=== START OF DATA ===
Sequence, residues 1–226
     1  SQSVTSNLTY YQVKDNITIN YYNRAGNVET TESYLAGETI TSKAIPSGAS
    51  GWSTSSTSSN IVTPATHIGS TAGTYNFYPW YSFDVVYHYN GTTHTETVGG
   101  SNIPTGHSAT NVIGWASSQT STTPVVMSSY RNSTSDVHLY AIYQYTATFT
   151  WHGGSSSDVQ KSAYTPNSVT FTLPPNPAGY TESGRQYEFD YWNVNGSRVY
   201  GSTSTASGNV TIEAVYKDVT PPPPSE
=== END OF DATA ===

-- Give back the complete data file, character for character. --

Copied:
Sequence, residues 1–226
     1  SQSVTSNLTY YQVKDNITIN YYNRAGNVET TESYLAGETI TSKAIPSGAS
    51  GWSTSSTSSN IVTPATHIGS TAGTYNFYPW YSFDVVYHYN GTTHTETVGG
   101  SNIPTGHSAT NVIGWASSQT STTPVVMSSY RNSTSDVHLY AIYQYTATFT
   151  WHGGSSSDVQ KSAYTPNSVT FTLPPNPAGY TESGRQYEFD YWNVNGSRVY
   201  GSTSTASGNV TIEAVYKDVT PPPPSE